J.D. Salinger Dies: Hermit Crab of American Letters

4 minute read
Richard Lacayo

Take the little paperbacks down from the shelf, and you can hold the collected works of J.D. Salinger–one novel, three volumes of stories–in the palm of one hand. Like some of his favorite writers–the Greek poet Sappho, whom we know only from ancient fragments, or the Japanese writers of 17-syllable haiku–Salinger was an author whose large reputation pivots on very little. The first of his published stories that he thought good enough to preserve in a book appeared in the New Yorker in 1948. Seventeen years later, he placed one last story there and drew down the shades. From that day until his death on Jan. 27 at age 91 at his home in Cornish, N.H., Salinger was the hermit crab of American letters. When he emerged, it was usually to complain that somebody was poking at his shell.

Salinger’s only novel, The Catcher in the Rye, was published in 1951 and gradually achieved a status that made him cringe. For decades, the book was a universal rite of passage for adolescents, the manifesto of disenchanted youth. (Sometimes lethally so: after he killed John Lennon in 1980, Mark David Chapman said he had done it to promote the reading of Salinger’s book.) Holden Caulfield, Salinger’s petulant, yearning young hero, was the original angry young man, created at the very moment that American teenage culture was being born. A whole generation of rebellious youths discharged themselves into him.

Jerome David Salinger was born in New York City on Jan. 1, 1919, to a Scottish-born mother and a Jewish food-importer father. He flunked out of or ran away from a series of private schools, graduating from Valley Forge Military Academy outside Philadelphia–later the model for Caulfield’s despised Pencey Prep–before drifting back to Manhattan with the general idea of becoming a writer. A promising career would be briefly derailed by a grueling slog through wartime Europe with the U.S. infantry, but by 1946 he was back in Manhattan and soon writing regularly for the New Yorker.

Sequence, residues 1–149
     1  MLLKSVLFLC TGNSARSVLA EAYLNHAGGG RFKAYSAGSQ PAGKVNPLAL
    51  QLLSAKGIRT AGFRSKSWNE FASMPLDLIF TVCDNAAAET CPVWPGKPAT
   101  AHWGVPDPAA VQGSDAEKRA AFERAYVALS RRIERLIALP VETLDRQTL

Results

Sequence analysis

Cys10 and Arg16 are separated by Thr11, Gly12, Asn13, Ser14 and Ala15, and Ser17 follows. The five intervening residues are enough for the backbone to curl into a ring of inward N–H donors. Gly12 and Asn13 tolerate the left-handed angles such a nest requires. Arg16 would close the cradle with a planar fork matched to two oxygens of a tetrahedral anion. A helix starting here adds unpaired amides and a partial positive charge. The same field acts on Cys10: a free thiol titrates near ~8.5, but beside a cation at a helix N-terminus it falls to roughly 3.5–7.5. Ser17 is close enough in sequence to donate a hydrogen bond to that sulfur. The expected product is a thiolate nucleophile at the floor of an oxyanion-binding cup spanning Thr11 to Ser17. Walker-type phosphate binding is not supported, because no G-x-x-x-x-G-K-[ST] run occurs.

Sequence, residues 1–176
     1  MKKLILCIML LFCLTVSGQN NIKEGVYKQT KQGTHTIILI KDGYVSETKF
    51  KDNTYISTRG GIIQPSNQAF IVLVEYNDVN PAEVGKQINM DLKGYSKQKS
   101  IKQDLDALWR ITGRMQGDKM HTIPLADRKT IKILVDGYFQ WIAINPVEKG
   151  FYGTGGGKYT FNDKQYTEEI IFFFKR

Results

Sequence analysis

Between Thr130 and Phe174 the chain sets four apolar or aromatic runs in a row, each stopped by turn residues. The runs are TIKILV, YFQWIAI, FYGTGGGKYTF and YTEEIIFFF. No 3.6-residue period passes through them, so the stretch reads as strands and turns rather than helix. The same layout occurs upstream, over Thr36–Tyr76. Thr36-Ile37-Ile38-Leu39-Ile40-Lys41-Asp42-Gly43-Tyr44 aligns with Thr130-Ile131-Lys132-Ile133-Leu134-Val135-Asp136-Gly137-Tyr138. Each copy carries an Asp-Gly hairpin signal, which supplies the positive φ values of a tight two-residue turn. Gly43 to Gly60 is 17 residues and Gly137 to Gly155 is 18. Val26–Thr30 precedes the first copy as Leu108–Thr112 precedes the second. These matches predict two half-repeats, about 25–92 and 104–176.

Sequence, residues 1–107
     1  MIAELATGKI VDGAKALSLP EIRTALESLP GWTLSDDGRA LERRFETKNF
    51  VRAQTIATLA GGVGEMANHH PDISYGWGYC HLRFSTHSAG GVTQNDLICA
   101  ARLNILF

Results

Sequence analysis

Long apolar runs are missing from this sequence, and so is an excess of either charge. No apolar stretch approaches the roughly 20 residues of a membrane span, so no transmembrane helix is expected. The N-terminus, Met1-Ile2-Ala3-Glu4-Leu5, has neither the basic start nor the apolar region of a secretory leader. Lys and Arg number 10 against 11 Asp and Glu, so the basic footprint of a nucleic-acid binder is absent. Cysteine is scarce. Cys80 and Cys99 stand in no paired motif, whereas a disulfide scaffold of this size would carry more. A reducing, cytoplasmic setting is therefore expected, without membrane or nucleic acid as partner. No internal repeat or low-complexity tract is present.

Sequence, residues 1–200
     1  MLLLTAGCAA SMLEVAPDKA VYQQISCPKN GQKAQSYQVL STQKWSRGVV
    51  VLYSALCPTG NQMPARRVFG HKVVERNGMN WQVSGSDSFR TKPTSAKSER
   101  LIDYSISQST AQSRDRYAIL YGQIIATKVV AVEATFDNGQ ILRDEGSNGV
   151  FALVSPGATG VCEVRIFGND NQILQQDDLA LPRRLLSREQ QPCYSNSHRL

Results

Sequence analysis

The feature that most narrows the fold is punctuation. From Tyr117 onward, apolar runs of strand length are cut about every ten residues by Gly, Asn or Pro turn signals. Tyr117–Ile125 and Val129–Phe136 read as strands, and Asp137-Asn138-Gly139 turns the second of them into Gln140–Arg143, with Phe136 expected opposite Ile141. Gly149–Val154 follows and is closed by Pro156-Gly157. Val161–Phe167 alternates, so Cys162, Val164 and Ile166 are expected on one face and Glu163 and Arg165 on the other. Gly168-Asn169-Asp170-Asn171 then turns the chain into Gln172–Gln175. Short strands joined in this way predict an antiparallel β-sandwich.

By the time The Catcher in the Rye was published, to generally exultant reviews and a seven-month stint on the New York Times best-seller list, Salinger had already moved past adolescent angst and on to a dissatisfaction with a world he found increasingly irrelevant and intrusive. In 1953 he bought a small, spartan house in Cornish; by the fall of that year, he had built a high wall around it.

But while Salinger lived as a recluse, he was never inclined to be a hermit. He married a 19-year-old Radcliffe student named Claire Douglas in 1955; they had two children together before divorcing in 1967. Salinger soon enticed another young woman, a Yale freshman named Joyce Maynard, to join him in exile. Her memoir, At Home in the World, provides a picture of Salinger in later life as a man preoccupied with homeopathic medicine and old Hollywood movies who wrote every day but then stored the unpublished works in a giant vault. After 10 rocky months, Salinger abruptly called things off.

Is that surprising? A long time ago, he called things off with the entire world. Salinger struggled all his long life with the contradiction between his gifts as a writer and his impulse to refuse them. It’s customary to assume that the Glass children of his short stories–an intricate hybrid of show biz and spirituality, the family was his other enduring creation–make up a kind of group portrait of Salinger, each a different reflection of his character: the writer and the actor, the searcher and the researcher, the spiritual adept and the pratfalling schmuck. That may very well be true. He made sure we could never be sure. But here’s Franny Glass outlining the dilemma of someone like Salinger who wants to abandon the ego, the will to “succeed”:

“Just because I’m so horribly conditioned to accept everybody else’s values, and just because I like applause and people to rave about me, doesn’t make it right. I’m ashamed of it. I’m sick of it. I’m sick of not having the courage to be an absolute nobody. I’m sick of myself and everybody else that wants to make some kind of a splash.”

That’s one time you know it’s Salinger talking.

Salinger on the cover of TIME in 1961. Top: the author (reading Catcher in the Rye) in 1952

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